Friend and fellow Entreprogrammer Derick is in the middle of drastically revamping his membership site business.
Among other changes, he's doubling his prices and switching from a monthly subscription to an annual one.
(Remind me to write more about this in a future email—the whole “monthly membership” approach can be a **huge** mistake if you're mainly selling info products.)
As part of the change, Derick plans to experiment with his pricing. But he has found that changing prices is a huge pain:
“there's too much text in my site and in my emails for me to make changes quickly, at this point :-/”
Well, there's an easy fix for that.
The way I set up the sales funnels I build, I can change the prices in less than 3 minutes.
The trick is:
Don't mention prices in your email copy.
A couple of months back, I did a test where I bumped the price of one of our products from $97 to $147.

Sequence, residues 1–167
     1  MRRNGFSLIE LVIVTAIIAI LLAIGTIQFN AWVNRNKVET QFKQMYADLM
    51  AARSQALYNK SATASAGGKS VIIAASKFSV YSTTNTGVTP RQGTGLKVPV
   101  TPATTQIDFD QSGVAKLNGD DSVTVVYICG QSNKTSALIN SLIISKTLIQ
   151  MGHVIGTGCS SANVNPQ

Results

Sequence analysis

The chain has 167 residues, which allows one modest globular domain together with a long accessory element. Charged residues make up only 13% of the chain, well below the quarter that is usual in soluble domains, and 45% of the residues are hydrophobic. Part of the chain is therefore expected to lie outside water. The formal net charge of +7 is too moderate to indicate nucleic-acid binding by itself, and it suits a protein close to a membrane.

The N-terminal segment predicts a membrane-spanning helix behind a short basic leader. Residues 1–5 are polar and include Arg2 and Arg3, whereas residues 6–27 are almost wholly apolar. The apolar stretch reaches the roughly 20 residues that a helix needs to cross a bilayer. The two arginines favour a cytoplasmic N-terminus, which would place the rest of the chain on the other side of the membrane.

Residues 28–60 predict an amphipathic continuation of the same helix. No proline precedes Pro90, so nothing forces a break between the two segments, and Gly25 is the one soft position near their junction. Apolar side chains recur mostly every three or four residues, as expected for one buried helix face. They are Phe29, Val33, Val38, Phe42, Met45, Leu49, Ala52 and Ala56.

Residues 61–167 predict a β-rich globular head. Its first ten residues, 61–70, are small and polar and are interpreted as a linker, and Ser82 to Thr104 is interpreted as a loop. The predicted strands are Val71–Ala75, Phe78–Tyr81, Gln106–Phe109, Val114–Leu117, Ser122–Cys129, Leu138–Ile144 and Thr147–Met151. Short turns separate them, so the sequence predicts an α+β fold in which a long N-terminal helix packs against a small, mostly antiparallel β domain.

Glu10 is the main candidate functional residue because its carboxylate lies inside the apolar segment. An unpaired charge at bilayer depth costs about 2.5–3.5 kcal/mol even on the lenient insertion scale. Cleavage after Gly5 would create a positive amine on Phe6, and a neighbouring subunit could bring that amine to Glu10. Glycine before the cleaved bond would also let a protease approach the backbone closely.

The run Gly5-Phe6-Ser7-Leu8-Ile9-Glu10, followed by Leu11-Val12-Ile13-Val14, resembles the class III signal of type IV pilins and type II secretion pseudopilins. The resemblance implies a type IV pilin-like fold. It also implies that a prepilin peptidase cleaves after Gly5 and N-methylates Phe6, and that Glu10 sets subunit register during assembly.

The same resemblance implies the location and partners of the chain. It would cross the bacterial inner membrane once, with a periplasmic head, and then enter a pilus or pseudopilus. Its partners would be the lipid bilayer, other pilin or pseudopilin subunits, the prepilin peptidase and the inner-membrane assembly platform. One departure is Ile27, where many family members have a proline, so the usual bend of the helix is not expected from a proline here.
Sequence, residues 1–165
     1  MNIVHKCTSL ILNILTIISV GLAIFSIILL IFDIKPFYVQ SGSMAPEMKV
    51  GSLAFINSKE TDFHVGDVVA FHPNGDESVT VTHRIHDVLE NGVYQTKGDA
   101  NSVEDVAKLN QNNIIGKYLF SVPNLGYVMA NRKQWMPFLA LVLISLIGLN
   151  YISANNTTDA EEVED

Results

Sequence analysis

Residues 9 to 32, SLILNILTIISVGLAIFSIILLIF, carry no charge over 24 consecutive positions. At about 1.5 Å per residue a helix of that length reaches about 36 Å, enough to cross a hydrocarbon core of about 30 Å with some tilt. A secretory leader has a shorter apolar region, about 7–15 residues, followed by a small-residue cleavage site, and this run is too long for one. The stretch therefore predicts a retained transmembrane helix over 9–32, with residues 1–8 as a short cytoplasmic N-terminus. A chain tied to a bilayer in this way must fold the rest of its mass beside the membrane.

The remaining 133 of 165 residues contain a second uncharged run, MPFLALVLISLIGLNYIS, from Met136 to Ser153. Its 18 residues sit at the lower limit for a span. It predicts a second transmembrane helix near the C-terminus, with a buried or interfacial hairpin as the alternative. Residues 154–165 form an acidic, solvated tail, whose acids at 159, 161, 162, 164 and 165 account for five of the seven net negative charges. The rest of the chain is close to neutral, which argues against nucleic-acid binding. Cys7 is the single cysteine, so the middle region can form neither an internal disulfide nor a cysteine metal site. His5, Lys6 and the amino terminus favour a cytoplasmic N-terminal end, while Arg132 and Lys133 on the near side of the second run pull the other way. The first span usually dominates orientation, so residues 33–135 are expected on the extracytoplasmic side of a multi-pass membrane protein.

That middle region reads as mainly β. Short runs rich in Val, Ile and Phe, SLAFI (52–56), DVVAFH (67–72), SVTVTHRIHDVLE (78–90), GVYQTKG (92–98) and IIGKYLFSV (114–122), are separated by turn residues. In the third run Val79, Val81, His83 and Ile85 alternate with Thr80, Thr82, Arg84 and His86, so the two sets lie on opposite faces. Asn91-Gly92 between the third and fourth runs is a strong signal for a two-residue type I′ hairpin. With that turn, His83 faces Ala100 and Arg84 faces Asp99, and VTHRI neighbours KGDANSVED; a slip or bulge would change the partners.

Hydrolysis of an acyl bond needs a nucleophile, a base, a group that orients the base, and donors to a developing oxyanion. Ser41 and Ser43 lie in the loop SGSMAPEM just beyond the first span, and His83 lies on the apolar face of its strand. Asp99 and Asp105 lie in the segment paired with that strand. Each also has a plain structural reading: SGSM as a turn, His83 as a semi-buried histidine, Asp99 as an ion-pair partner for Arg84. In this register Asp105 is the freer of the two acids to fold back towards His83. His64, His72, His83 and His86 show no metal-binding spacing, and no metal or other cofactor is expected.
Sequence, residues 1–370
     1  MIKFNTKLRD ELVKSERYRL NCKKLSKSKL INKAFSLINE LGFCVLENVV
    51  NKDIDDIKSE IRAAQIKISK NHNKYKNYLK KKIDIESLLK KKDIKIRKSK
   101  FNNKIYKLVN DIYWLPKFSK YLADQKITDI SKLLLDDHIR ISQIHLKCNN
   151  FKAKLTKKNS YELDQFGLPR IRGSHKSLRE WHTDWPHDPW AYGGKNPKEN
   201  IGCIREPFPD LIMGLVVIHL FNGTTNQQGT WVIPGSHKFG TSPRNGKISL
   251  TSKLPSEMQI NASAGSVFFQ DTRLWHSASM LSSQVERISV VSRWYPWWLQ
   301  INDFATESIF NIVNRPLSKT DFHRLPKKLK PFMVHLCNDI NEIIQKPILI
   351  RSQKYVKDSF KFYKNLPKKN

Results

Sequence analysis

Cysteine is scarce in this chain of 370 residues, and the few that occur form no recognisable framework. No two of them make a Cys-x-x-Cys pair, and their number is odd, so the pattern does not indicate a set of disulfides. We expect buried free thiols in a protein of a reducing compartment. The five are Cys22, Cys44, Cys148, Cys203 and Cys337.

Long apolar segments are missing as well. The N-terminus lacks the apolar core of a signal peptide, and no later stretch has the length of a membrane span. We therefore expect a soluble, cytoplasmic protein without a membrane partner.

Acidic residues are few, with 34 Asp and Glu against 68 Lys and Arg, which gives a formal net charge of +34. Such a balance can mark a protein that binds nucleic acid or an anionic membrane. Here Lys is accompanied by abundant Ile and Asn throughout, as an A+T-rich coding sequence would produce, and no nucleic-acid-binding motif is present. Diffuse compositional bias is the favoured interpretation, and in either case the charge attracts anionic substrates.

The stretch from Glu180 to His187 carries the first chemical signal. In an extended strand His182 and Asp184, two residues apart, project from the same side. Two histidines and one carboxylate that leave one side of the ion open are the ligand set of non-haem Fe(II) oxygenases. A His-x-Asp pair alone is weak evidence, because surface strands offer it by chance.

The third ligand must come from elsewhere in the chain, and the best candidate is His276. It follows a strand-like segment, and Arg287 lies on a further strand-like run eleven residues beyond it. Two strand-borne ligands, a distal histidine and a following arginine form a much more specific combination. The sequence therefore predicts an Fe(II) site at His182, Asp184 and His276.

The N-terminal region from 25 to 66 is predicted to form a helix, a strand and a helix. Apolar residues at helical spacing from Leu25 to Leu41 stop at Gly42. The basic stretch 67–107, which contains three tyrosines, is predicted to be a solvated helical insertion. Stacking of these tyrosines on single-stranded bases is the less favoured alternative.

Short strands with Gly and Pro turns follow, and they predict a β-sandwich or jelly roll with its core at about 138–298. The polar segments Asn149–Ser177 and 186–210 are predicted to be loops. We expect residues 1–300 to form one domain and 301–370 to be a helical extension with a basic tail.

All I had to do was edit 2 text boxes on the sales page and update the shopping cart software.
No messing around with editing a dozen different emails or other random marketing pages.
But there's an even better reason not to mention pricing in your emails—it can help your conversions.
For most products, it's tough to “close the sale” in 300-500 words.
That's why long-form sales pages are so effective. They give you room to fully develop the sales argument for your product. (My sales pages often run 5,000 to 10,000 words long for more involved products.)
And a good sales page is carefully constructed to build up the value of the product before revealing the price.
My goal with emails is to pique the reader's curiosity and put them in the right frame of mind to read the sales page.
By revealing the price right in the email, you're short-circuiting the whole process—and cheating yourself of the chance to make your best case to the reader.